CyberNation » Uncategorized Israeli Security News Fri, 08 Aug 2014 03:49:24 +0000 en-US hourly 1 Facebook remains criminals’ favorite Wed, 09 Jul 2014 08:11:50 +0000 Facebook has been keeping its status as a favorite with Internet criminals whose specialty is to still social media accounts, reveals Kaspersky Labs. In the first quarter 2014, 10.85% of sites the security firm spotted were ones who were disguised as the popular social network. Out of the total sites (In any category, not just social media sites), Yahoo fakes were the only one who created more phishing alerts.

It turns out that fake Facebook pages can now be found in a host of languages: English, French, Portuguese, Italian, Turkish, Arabic and many more. Unauthorized access to Facebook accounts or to any other social media network may be used to send a malicious code or phishing links. Net criminals also use stolen accounts to send spam to the afflicted contact list and to post spam on friends’ walls. Another use is sending out messages asking friends for emergency financial aid. Hijacked accounts can also be used to gather information about sole users towards a focused attack in the future.

Smartphone and tablet owners who visit social network sites from their mobile devices are also in the danger of personal information theft. It appears that in some of the mobile web browsers tend to hide the site’s URL upon visiting sites, a fact that makes it hard on the users to spot fake sites.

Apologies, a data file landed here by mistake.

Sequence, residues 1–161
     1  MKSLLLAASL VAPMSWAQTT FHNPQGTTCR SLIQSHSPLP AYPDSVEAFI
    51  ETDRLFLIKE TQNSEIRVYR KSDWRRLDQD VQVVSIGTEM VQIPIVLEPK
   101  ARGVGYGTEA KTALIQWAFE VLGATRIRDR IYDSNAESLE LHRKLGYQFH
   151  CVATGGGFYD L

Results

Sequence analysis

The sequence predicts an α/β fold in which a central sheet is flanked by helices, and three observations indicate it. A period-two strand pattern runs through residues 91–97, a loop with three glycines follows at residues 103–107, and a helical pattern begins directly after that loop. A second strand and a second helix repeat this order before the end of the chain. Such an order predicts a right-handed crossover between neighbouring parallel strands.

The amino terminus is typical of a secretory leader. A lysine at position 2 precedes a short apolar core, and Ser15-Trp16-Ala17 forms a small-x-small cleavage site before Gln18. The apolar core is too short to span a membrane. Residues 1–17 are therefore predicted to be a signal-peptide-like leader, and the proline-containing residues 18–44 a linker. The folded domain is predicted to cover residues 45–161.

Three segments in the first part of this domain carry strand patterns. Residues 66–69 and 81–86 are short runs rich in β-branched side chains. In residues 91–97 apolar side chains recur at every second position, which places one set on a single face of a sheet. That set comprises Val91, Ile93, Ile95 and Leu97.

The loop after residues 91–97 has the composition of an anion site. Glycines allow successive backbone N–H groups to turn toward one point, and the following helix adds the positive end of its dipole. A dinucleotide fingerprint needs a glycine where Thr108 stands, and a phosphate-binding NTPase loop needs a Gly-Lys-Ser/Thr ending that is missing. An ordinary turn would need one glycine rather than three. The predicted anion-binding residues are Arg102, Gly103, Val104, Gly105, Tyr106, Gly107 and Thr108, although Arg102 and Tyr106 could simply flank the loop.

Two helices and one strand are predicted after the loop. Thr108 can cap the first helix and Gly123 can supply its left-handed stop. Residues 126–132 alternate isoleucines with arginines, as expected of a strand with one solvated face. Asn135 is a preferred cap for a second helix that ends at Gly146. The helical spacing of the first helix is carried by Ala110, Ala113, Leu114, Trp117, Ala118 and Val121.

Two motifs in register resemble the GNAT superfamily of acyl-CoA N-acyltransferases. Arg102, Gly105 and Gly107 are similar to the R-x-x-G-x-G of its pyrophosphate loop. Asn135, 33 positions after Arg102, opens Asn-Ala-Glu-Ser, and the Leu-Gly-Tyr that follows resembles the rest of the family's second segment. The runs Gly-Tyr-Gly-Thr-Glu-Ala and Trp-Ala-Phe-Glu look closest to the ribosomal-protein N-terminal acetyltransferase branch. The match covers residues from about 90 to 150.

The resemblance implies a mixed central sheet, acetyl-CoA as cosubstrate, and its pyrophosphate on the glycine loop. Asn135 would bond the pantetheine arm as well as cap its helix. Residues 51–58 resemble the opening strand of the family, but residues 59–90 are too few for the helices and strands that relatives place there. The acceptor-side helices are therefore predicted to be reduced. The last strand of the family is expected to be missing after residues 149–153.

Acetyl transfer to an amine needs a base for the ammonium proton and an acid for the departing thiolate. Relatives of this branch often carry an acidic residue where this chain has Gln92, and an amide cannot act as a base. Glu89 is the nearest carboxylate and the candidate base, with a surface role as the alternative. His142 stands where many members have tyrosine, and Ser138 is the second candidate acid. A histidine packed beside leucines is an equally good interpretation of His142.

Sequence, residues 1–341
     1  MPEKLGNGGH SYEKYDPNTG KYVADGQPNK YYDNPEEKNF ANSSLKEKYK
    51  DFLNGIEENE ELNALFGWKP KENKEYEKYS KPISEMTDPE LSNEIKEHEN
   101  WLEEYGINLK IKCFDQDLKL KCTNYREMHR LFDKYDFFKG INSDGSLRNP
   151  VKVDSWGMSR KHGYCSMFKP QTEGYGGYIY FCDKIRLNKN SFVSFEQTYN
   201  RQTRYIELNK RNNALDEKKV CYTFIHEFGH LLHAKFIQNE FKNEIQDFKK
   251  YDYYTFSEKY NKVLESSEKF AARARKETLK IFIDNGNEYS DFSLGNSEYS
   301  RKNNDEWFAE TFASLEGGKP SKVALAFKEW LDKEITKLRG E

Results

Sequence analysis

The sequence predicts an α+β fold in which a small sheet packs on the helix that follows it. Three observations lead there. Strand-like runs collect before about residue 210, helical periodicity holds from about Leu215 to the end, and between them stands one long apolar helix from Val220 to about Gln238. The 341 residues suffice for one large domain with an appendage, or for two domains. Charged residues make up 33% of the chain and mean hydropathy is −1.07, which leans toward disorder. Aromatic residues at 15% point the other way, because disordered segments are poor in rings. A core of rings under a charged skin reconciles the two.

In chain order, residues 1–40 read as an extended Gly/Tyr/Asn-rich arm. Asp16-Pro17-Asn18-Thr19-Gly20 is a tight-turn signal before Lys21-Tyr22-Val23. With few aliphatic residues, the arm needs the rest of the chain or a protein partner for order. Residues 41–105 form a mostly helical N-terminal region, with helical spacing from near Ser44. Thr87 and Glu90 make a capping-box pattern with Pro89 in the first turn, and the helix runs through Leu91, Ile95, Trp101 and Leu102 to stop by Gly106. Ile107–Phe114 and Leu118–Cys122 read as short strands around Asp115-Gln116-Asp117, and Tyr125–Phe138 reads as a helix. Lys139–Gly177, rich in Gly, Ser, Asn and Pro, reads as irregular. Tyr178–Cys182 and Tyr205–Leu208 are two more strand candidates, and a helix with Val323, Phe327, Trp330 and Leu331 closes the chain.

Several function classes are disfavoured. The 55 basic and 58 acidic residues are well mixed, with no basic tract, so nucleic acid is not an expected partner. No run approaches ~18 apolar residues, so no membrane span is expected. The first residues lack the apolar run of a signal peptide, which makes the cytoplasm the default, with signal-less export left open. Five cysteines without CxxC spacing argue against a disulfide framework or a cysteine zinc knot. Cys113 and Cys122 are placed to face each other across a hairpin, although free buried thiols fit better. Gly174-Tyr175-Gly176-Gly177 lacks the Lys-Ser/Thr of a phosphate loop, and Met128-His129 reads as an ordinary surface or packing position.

“Net criminals have developed some ways to lure their victims into pages with phishing content. They send out links to phishing pages through Email or social networks, use banners stationed in content of external advertisers. Victims are often tempted by some ‘interesting content’ that is promised, and when users follow a published link, they arrive into a fake page asking them to fill in details before watching a page. If the user enters his or hers details, his information passes on directly to those criminals”, explains Nadza Demidova, web content analyst in Kaspersky Labs.

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Israel is testing its Cyber defense Tue, 24 Jun 2014 14:55:03 +0000 The National Cyber Skirmish conducted by the national Cyber Bureau, is a stepping stone in the bureau’s capabilities and operations. People and Computers discovered that the skirmish, ‘Magic Cycle 1′, reflects the completion of the second phase in the building of the Israeli cyber defensive structure.

The first phase is dated back to December 2011, when the government approved Dr. Evyatar Matanya as the head of the national Cyber Bureau (NCB). The NCB’s role is to build an inter organizational joint venture, between both civil and security agencies, to take care of the matter.

The Exercise tested the key factors in the government’s preparations for dealing with a significant cyber event in the state level. People and Computers learned that during this passing year the NCB was making efforts to build a central command center in Beer Sheva – using a Computer Emergency Response Team (CERT) – a team that will supply immediate response to cyber security events in government organizations. The center is called CRIST -Computer Security Incident Response Team.